But Zac is a loyal member, by his voting record, of the most rapacious inhuman party in my living memory. That includes the Thatcher era, and I am old enough to remember Winston Churchill as war time Prime Minister.

Zac’s uncle, Edward Goldsmith was a key member of the green movement. He was one of the authors of ‘Blueprint for Survival’, a seminal book which recruited me to the Green cause. Edward launched the ‘Ecologist‘ magazine, and Zac edited it for a time, during which I agreed with every word he wrote. That there is still some vestige of the original Zac is shown by a recent speech in Parliament against TTIP, but the motion was not voted on. He has I believe been totally silent on fracking,

But above all Zac seems to have no inkling of the social justice aspect of a sustainable society. The founder members grasped it, and the Tory part of what had been Tony Blair’s constituency agreed, but not Zac. If he did, there are millions who would follow his lead. It is within Zac’s power at this election to transform the political scene, and set the world on the road to what he, his uncle and I have been striving for all these years.

And prove Dale Vince (and Green Left) wrong.

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4 responses to “I forgive Dale Vince, but not Zac Goldsmith

  1. Some people make the argument that until Britain gets proportional representation of some sort the rapidly growing Green party is actually splitting the vote to the left of the Conservatives (which is of course already split between Labour and the Lib Dems).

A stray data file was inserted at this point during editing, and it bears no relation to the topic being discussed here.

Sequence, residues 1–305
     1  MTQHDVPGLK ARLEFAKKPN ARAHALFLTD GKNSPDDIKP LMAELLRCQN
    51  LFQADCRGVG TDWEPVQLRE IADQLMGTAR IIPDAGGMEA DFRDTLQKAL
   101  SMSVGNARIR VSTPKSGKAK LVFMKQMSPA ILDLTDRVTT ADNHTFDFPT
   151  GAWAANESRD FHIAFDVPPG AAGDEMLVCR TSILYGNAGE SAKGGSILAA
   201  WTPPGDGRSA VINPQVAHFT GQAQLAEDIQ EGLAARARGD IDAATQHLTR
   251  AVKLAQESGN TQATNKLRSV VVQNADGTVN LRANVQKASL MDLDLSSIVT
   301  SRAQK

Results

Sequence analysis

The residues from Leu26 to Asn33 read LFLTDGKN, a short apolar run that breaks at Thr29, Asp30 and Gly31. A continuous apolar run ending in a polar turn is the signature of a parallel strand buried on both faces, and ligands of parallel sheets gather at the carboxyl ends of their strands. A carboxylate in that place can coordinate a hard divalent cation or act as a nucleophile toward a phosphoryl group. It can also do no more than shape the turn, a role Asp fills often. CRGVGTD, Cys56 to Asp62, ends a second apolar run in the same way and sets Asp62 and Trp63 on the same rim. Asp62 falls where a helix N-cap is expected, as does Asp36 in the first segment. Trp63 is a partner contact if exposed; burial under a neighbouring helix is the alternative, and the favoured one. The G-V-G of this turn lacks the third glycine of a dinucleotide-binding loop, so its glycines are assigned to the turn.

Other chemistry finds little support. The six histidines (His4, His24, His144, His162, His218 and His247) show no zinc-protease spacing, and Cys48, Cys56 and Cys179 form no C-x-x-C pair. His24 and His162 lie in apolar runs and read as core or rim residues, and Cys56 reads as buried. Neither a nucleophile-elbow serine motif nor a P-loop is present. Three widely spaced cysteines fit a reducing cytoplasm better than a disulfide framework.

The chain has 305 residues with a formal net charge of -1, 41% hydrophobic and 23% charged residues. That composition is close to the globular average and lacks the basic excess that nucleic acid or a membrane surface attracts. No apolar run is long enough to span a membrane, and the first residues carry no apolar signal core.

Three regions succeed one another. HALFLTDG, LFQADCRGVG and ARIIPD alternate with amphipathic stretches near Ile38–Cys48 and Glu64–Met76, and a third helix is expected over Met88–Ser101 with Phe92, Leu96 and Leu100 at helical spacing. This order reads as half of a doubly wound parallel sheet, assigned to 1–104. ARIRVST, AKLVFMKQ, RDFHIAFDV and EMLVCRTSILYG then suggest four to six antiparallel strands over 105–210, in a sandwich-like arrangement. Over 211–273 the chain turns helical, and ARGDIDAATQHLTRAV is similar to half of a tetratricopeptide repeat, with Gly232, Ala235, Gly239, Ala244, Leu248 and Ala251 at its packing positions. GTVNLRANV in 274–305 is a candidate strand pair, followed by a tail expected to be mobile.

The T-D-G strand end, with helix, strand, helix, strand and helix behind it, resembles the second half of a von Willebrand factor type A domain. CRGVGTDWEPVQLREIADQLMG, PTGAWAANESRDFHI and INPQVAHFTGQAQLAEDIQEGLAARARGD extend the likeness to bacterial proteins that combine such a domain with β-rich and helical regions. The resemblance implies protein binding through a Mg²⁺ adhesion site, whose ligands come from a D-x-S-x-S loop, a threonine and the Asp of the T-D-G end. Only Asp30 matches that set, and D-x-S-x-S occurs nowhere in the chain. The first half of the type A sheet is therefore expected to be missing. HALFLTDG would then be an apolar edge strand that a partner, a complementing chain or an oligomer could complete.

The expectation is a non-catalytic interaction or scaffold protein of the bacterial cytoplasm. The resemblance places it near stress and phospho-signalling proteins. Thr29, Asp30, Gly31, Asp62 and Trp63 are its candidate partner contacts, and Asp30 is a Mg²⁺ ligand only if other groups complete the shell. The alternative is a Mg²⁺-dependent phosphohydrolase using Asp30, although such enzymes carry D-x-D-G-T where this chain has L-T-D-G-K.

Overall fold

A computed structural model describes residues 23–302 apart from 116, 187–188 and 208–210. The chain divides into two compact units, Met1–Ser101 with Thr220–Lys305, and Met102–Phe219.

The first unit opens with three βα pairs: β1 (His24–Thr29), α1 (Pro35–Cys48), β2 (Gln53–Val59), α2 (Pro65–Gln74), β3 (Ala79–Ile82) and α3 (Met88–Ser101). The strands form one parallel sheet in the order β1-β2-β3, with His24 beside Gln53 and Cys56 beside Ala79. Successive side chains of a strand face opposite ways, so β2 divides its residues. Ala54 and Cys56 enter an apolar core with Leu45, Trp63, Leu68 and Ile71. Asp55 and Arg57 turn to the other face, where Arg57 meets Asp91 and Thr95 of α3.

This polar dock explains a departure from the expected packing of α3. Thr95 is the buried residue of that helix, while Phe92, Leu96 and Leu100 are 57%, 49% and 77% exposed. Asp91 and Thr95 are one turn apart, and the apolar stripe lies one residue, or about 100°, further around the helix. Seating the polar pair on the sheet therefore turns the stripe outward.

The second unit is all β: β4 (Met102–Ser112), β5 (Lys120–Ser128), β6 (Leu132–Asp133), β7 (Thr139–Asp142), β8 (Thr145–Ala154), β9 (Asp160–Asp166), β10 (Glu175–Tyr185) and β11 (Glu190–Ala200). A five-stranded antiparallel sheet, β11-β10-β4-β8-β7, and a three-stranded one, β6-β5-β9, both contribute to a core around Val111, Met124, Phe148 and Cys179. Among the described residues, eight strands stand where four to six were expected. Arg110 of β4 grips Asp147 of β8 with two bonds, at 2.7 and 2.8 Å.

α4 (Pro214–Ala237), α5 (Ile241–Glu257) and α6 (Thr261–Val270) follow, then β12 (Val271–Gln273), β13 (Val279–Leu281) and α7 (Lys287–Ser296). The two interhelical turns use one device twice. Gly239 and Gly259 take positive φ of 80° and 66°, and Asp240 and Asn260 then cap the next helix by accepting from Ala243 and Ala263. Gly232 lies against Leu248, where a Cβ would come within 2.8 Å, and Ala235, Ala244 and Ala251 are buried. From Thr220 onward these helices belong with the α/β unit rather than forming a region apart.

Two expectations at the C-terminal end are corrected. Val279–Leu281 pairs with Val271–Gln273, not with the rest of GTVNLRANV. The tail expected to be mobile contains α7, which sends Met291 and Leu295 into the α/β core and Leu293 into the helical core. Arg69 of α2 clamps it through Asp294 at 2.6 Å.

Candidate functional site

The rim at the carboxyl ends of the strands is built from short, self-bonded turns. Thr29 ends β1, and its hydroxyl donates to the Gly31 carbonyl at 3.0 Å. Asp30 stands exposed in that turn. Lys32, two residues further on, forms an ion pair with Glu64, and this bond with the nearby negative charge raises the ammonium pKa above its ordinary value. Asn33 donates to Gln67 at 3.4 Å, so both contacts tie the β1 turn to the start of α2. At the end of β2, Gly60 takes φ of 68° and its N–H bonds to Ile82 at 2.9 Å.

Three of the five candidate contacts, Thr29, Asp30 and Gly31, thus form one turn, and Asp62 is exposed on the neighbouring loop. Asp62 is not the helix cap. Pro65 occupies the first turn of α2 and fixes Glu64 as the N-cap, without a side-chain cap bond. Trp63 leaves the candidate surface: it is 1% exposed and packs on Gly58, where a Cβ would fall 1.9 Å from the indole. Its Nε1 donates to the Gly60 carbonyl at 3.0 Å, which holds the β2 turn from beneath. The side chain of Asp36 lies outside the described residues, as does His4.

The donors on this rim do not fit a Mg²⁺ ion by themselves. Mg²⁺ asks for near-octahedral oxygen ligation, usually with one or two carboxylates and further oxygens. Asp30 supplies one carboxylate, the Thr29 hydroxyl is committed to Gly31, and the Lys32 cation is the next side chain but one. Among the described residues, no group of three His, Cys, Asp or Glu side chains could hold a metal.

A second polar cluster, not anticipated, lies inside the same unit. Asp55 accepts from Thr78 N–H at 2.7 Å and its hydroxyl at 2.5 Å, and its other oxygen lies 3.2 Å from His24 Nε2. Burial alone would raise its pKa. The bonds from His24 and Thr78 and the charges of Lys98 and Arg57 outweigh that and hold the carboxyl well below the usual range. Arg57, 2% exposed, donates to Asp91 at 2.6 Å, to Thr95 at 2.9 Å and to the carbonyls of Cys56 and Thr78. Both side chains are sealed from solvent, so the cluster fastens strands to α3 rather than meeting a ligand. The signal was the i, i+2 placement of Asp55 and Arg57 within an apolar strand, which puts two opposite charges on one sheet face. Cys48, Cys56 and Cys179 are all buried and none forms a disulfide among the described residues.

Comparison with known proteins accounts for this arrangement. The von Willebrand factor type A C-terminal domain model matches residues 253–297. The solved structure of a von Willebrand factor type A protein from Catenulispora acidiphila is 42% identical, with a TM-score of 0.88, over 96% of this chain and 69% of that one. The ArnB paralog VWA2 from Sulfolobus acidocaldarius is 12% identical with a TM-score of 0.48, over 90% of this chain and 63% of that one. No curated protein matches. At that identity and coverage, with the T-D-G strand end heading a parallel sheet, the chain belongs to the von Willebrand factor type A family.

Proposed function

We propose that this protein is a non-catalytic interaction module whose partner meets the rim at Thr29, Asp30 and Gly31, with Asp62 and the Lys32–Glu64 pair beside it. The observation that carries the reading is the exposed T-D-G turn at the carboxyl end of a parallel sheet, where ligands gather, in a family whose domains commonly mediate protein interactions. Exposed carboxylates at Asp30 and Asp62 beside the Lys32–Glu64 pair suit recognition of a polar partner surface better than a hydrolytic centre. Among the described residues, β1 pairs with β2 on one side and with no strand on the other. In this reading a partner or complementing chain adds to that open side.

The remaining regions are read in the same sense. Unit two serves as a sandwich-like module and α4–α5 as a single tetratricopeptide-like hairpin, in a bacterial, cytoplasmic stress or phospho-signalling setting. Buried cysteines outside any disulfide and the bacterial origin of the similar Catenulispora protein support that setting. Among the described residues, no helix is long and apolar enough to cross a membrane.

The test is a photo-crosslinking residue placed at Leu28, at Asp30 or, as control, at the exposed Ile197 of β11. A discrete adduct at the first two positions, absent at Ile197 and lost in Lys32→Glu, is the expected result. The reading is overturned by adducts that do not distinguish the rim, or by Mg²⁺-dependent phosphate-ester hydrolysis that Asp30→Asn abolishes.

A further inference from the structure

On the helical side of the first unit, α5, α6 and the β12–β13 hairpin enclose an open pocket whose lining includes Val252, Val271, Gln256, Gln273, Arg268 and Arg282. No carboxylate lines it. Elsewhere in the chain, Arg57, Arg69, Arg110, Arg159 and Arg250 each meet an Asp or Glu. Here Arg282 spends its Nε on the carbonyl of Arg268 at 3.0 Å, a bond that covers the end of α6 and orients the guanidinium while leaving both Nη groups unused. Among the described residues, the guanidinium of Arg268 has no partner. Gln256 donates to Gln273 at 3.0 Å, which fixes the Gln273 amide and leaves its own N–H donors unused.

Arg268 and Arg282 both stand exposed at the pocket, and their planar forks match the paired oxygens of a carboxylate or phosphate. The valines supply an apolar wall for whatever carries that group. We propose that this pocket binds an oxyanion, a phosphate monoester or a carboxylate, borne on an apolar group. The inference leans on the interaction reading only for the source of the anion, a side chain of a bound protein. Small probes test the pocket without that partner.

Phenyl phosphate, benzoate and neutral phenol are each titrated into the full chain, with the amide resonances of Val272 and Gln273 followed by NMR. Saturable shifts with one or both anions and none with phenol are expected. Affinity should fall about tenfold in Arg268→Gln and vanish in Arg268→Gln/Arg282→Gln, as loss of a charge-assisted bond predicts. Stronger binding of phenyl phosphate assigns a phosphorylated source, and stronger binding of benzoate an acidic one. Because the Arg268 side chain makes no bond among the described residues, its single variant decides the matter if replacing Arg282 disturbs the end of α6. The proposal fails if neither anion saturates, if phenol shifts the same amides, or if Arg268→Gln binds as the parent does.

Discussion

New Labour is dead and buried, what’s left is potentially very open to the same sort of ideas as promoted by the green party. I have a thought experiment for you…

    Imagine this… the Green party turns itself into a lobby and think-tank and everyone in the Green party joins the Labour party en-masse and uses their democratic influence within the party to push it in the direction of Green think-tank policies?

    • In the first place the Green Party could never be disciplined enough, but I wouldn’t want to be in a party that could be so disciplined anyway. SERA (Socalist Environemnt & Resources Association) was formed about the same time as the Green Party to do just as you suggest. I don’t know if SERA still exists, but it didn’t work. As you will see from my blog, I think we are missing a serious trick in not appealing to a large swathe of voters who would never identify themselves as ‘left’. I have demonstrated in canvassing that it can be done. You approach them more in sorrow than in anger, saying that if you rich people want to save a planet fit for your grandchildren, it will have to be a much less unequal society, and that means you paying more in tax. If you think this is a price worth paying, vote Green.
      But as you will see from my replies to other comments, our leadership doesn’t agree with my approach.

    • Are you the Green candidate for Richmond Park? Whoever is, should do well at Zac’s expense, but that would need publicity we are unlikely to get. Wasn’t it a Lib Dem seat up to 2010? I guess he got in because a lot of LDs though he was Green. He should be from his earlier track record, but he isn’t, from his voting record in Parliament.
      I am bitterly disappointed that the Green Party has seriously mishandled publicity on the Basic Income, but it is still possible to assert that eco-sustainability will mean less inequality. I would recommend briefing yourself on my blog, so hat you can turn attacks on the BI to advantage, but Zac could be challenged: Does he still think eco-sustainability matters? Is he comfortable with the Conservative record, for example on fracking? Does he believe Iain Duncan Smith’s nasty regime demonizing the unemployed is compatible with Green aims? Does he deny that less inequality is essential? If he does accept that, what is his alternative to the Basic income (You can rubbish the Universal Credit using my blog).